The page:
The decision to organize a general election on the 12th of December proves the state of uncertainty that UK faces at the moment is unlikely to change.
TheCustomsPeople.co.uk has warned that businesses in Britain that handle import and export of goods with the European Union should not take the recent further Brexit ‘flextension' as an excuse to slow the preparations down.
The UK’s leading independent customs expert, David Miller, co-founder of The Customs People, has expressed his worries about pushing Brexit preparations until the last minute as a result of the additional three-month window of opportunity, and he is advising people to think about the potential consequences that could come about as a result of the additional 90 days.
It seems most likely that by 31st January 2020, the UK will leave the EU after the parliament will agree a withdrawal agreement. This would bring a ‘transition period’ where all customs and VAT measures currently in place continue until the transition period ends. This would run until at least 31st December 2020, but likely longer while the UK and EU develop a Free Trade Agreement (FTA).
The deadline for businesses to prepare for Brexit would be 2021. Although under an FTA there should not be any duty on UK-EU trade, the administrative processes involved will change, therefore requiring some planning from those businesses engaged in this activity.
Another situation that businesses should take in consideration ,as David warned, would be leaving EU on 31st January 2020 without a deal.David says: “The most sensible thing to do in the current uncertain climate would be to tackle all eventualities head on – this means preparing for a no-deal Brexit, no matter how unlikely it seems.”
British companies will need an Economic Operator Registration and Identification (EORI) number to import and export goods in the EU after Brexit and the government estimates that approximately 250,000 British firms require them. However, just 71,000 registrations had been completed by mid-August, forcing the government to introduce auto-enrolment to ensure that companies were registered in time.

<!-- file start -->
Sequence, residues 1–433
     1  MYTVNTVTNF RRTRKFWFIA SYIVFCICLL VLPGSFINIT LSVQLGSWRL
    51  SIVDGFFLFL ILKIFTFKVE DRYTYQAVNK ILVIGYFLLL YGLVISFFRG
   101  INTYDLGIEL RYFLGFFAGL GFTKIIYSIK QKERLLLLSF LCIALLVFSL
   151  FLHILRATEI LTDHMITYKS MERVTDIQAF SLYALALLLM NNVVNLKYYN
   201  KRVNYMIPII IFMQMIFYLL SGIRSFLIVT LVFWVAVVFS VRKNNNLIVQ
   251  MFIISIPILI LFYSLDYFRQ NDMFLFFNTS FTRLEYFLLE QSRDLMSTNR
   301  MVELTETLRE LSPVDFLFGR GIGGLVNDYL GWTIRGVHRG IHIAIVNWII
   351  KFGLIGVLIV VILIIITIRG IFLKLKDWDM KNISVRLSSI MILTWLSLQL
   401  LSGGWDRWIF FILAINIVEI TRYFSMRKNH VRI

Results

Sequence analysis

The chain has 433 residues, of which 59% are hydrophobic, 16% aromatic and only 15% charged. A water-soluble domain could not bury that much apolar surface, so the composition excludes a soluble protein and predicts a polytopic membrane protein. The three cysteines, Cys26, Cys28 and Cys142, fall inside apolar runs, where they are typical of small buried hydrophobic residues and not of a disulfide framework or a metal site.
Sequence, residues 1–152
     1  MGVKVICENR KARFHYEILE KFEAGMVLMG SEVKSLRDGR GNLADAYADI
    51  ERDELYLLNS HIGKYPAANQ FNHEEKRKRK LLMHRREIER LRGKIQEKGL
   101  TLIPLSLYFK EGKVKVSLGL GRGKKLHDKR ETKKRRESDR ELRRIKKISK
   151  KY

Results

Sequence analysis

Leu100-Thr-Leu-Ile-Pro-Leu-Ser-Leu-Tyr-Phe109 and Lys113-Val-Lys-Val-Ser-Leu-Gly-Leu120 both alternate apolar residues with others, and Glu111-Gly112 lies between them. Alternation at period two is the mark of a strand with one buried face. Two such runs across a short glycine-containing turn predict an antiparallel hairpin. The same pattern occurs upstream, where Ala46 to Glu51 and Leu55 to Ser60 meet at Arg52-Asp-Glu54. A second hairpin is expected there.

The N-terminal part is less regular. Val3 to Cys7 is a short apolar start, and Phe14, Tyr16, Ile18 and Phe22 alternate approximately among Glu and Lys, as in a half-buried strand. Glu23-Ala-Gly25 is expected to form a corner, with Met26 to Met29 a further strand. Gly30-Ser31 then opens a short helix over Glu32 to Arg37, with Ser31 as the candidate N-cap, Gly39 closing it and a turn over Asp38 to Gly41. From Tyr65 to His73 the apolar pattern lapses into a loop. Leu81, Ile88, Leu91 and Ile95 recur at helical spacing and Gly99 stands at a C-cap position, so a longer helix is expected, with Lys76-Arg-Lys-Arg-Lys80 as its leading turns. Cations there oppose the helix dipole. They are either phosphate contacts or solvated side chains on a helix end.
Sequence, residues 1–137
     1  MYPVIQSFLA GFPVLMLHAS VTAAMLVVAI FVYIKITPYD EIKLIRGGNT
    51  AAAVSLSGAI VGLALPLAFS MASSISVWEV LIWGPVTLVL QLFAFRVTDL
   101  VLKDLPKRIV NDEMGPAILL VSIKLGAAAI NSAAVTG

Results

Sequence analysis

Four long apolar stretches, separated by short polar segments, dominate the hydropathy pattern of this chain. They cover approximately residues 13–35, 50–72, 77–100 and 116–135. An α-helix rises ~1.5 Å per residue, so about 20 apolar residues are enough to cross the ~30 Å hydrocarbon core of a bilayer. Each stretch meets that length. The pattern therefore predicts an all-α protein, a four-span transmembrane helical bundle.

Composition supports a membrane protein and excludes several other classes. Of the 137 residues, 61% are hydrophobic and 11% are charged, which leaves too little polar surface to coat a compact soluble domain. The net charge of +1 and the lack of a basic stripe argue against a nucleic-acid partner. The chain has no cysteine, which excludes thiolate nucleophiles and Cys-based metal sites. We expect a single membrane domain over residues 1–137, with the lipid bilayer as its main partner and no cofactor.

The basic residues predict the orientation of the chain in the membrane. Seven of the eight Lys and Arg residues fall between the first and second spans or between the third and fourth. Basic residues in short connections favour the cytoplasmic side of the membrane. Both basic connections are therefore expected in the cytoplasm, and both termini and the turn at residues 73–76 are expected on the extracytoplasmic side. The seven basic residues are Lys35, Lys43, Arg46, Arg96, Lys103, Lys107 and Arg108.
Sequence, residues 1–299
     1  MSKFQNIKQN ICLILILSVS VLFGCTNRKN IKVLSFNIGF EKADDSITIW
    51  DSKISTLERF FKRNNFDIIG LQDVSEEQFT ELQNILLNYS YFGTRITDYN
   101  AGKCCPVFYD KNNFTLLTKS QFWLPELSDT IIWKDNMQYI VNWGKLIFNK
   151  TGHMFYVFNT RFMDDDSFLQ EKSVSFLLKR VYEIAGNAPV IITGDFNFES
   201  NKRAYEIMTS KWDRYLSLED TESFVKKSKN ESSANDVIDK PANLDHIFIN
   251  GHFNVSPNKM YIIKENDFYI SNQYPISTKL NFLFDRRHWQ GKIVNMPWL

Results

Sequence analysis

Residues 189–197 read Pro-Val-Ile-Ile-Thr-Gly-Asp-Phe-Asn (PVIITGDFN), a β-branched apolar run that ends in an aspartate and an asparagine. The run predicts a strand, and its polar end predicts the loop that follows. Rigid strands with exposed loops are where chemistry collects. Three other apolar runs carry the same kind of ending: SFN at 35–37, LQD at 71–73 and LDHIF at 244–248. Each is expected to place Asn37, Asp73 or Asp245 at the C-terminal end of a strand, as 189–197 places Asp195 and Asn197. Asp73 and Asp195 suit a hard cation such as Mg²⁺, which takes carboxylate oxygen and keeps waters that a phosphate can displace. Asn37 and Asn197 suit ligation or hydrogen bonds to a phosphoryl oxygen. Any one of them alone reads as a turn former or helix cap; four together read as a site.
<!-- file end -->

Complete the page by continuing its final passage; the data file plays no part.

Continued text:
David recommends businesses to prepare even for a no-deal scenario, which means to get an EORI number and apply for Transitional Simplified Procedures, a project introduced by the government earlier this year.
TSP is free and will allow goods to pass through customs more quickly when Brexit takes place, but it takes at least two weeks for the government to process applications, so businesses are advised to put everything in order before the Brexit deadline.
David says that another eventuality to prepare for would be that Brexit is further delayed because neither of the above options are passed, or because the result of the general election provides a political result where a second referendum is held.He added: “The additional 90-day period gives businesses a final chance to ensure they have solid plans in place for every possible outcome of 31st January 2020. It is vital that preparations are made to avoid being paralysed by costly delays.”
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